Skin patch could painlessly deliver vaccines, cancer medications in one minute

phys.org | 8/25/2019 | Staff
maddyb7 (Posted by) Level 3
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Melanoma is a deadly form of skin cancer that has been increasing in the U.S. for the past 30 years. Nearly 100,000 new cases of melanoma are diagnosed every year, and 20 Americans die every day from it, according to the American Academy of Dermatology. Now, researchers have developed a fast-acting skin patch that efficiently delivers medication to attack melanoma cells. The device, tested in mice and human skin samples, is an advance toward developing a vaccine to treat melanoma and has widespread applications for other vaccines.

The researchers will present their findings today at the American Chemical Society (ACS) Fall 2019 National Meeting and Exposition.

Patch - Chemical - Coating - Mode - Action

"Our patch has a unique chemical coating and mode of action that allows it to be applied and removed from the skin in just a minute while still delivering a therapeutic dose of drugs," says Yanpu He, a graduate student who helped develop the device. "Our patches elicit a robust antibody response in living mice and show promise in eliciting a strong immune response in human skin."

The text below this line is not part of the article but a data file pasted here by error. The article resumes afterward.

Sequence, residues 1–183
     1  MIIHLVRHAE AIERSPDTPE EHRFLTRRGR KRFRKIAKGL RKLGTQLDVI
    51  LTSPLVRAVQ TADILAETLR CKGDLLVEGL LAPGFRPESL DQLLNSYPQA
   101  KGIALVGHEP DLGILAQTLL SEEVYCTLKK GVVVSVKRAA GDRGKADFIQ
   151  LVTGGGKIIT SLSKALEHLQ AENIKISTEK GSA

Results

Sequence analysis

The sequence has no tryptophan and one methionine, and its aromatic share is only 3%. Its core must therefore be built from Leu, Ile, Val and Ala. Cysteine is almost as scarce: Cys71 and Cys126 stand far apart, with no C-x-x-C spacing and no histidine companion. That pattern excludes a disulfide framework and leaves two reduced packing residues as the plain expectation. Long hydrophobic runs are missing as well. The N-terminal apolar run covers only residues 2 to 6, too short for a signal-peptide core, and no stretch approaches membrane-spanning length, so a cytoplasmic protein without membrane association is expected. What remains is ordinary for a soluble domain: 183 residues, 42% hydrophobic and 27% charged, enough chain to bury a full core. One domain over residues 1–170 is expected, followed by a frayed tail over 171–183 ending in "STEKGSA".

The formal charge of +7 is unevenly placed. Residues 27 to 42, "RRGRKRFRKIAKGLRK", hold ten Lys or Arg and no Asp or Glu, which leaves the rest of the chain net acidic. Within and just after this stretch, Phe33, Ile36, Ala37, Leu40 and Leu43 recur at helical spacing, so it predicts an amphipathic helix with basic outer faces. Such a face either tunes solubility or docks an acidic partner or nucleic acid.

Topical ointments can impart medications to the skin, but they can only penetrate a small distance through it. While syringes are an effective drug delivery mode, they can be painful. Syringes can also be inconvenient for patients, leading to noncompliance.

Microneedle - Patches - Layer-by-layer - LbL - Method

Microneedle patches, prepared with a layer-by-layer (LbL) coating method, are one easy, pain-free way to administer treatment. With the LbL process, researchers coat a surface with molecules of alternating positive and negative charge. For a robust drug film to form on the surface of the patch, every adjacent layer must be strongly attracted to each other and also to the microneedle. "But this attraction makes the entire film very 'sticky,'" He notes. "Past methods, which have retained this 'sticky' nature, can take up to 90 minutes for a sufficient amount of...
(Excerpt) Read more at: phys.org
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